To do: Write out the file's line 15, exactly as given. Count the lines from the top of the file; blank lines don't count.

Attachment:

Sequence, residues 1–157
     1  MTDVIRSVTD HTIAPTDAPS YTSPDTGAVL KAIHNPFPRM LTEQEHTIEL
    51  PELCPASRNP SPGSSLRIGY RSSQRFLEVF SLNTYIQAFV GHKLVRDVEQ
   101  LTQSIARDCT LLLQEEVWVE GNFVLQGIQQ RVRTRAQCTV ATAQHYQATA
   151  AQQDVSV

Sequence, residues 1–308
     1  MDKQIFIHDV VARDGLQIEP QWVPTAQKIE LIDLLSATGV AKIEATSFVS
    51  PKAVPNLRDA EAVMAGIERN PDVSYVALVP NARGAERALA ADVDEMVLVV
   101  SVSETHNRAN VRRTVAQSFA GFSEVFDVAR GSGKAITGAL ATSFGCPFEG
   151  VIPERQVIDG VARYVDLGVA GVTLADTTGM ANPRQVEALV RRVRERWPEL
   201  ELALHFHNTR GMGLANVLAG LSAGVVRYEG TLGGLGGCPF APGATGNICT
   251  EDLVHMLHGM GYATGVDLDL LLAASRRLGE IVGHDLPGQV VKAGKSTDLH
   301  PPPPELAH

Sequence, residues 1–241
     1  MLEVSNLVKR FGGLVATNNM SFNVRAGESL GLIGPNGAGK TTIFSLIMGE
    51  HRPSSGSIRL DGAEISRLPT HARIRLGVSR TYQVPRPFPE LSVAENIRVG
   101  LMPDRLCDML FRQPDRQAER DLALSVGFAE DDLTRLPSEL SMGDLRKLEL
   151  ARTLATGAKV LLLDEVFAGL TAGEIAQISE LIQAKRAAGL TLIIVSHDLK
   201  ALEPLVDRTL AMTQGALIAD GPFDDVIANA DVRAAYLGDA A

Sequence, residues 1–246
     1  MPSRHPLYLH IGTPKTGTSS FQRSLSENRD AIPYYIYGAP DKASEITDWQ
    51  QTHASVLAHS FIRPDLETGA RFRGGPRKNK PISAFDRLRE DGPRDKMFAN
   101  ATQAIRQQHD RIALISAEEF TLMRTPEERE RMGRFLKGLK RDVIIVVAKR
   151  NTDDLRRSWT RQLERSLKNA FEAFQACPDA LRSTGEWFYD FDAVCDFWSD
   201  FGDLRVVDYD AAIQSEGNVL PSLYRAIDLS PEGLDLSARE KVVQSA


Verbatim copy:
     1  MLEVSNLVKR FGGLVATNNM SFNVRAGESL GLIGPNGAGK TTIFSLIMGE